Feeling kind of chilly or really cold? A parka coat is perfect for you! These jackets/coats partner well on a bitter cold day strolling through the park or skiing down the slopes! Today’s parka coats still include the traditional knee-length styling that made them a winter staple, but have expanded to include an updated styling that hits at the waist or rests gently at the top of the thigh. Here’s what you can expect to find in winter’s essential companion- the hooded parka coat.
Available for both adults and children, down parka coats are a closet staple for living in really cold temperatures. The parka is sometimes referred to interchangeably with anorak, which is a traditional parka worn by Inuit individuals to withstand frigid temperatures. More commonly known as parkas, these jackets/coats are constructed with the latest fabrics and technology to weather anything Mother Nature decides to throw their way.
The shell of the parka is water-repellent and wind-resistant generally made with a nylon property. This exterior is fully sealed providing utmost comfort to the wearer regardless of weather conditions. Some companies have trademarked their version of exterior fabric used in making their version of the parka such as Eddie Bauer’s “WeatherEdge” technology and Columbia’s “Titanium” line, to name a few.
Constructed with an adjustable waist, the fur parka coat discourages wind from penetrating upward into the cavity of the jacket. This design aids in keeping warmth in and cold out. A zippered closure with covered snap closure provides another line of defense in fighting the elements. Elasticized cuffs with snaps secure the end of the arm, where warmth has a tendency to escape.
Interior of the long parka coat typically consists of a polyester lining filled with goose down or a faux down filler. Down is the go-to filler in securing warmth aiding this coat in its reputation for warmth. The parka coat features a hood, often fur-lined, that is nearly always adjustable and removable. Adding fashionable elements, such as a fur-trimmed hood, may be somewhat to blame for the increasing popularity of this type of jacket/coat.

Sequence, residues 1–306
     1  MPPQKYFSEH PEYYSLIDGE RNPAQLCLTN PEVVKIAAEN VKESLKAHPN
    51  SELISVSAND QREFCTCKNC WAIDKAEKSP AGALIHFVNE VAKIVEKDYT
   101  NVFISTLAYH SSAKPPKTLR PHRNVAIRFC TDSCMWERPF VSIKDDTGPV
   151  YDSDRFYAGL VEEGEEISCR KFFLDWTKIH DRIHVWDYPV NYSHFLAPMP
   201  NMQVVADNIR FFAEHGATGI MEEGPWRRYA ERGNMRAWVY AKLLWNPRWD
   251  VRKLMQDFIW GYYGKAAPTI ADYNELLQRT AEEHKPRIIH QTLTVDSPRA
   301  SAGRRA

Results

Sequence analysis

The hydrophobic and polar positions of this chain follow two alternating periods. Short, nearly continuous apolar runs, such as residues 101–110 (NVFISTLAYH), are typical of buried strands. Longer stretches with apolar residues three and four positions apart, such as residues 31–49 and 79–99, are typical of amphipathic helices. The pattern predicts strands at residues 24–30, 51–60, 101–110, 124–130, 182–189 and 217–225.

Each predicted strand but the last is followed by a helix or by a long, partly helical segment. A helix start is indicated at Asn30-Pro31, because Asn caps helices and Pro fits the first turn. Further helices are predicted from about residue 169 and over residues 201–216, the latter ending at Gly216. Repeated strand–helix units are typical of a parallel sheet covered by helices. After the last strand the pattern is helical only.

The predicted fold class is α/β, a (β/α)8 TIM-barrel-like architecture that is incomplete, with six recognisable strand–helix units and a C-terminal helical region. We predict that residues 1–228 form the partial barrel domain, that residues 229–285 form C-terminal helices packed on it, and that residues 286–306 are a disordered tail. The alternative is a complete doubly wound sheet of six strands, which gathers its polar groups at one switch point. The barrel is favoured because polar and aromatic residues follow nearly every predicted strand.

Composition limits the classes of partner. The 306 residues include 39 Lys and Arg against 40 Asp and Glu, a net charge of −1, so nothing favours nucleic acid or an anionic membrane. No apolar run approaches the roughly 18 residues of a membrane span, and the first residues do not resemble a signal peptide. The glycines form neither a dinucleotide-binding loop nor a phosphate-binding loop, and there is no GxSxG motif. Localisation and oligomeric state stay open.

Appearance is another important aspect of the mens parka coat. Originally styled in a knee-length version still available today, there are many versions of the parka coat currently available. Presenting a quilted or bubbled appearance is a trademark tell-all sign identifying the parka coat. Sometimes even referred to as a puffer coat, women’s parka coats range in length from waist, top of thigh, mid thigh to knee. Perhaps the youthful crowd is most attracted to the styling of the waist length version, with the thigh length most popular with the professional, wiser crowd. The knee length version is best suited for those enduring regular unseasonably cold conditions and might be warmer than needed for the average individual. The all-over quilted construction used in creating the winter parka coat lends a stylish touch on such a functional piece. Regardless of length, today’s black parka coats showcase smooth, clean lines allowing the wearer to find a sleeker silhouette while wearing such a warm heavy coat that would often appear bulky and unappealing. Another great feature of the parka coat is the ability to machine wash.
Length, price and color are main areas to consider when purchasing a leather parka coat as they vary in degrees comparable to individual’s tastes. Prices range depending on brand and can go from $89 well into the thousands when designed by specialty lines. Some affordable versions for men and women can be found at www.eddiebauer.com. Finding a look for everyone in the family is easy at www.6pm.com featuring an easy searching tool guiding you along every step of the way from color, size, brand, lining, and gender type. For a specialty line boasting years of experience in cold gear visit www.parka-jacket.com.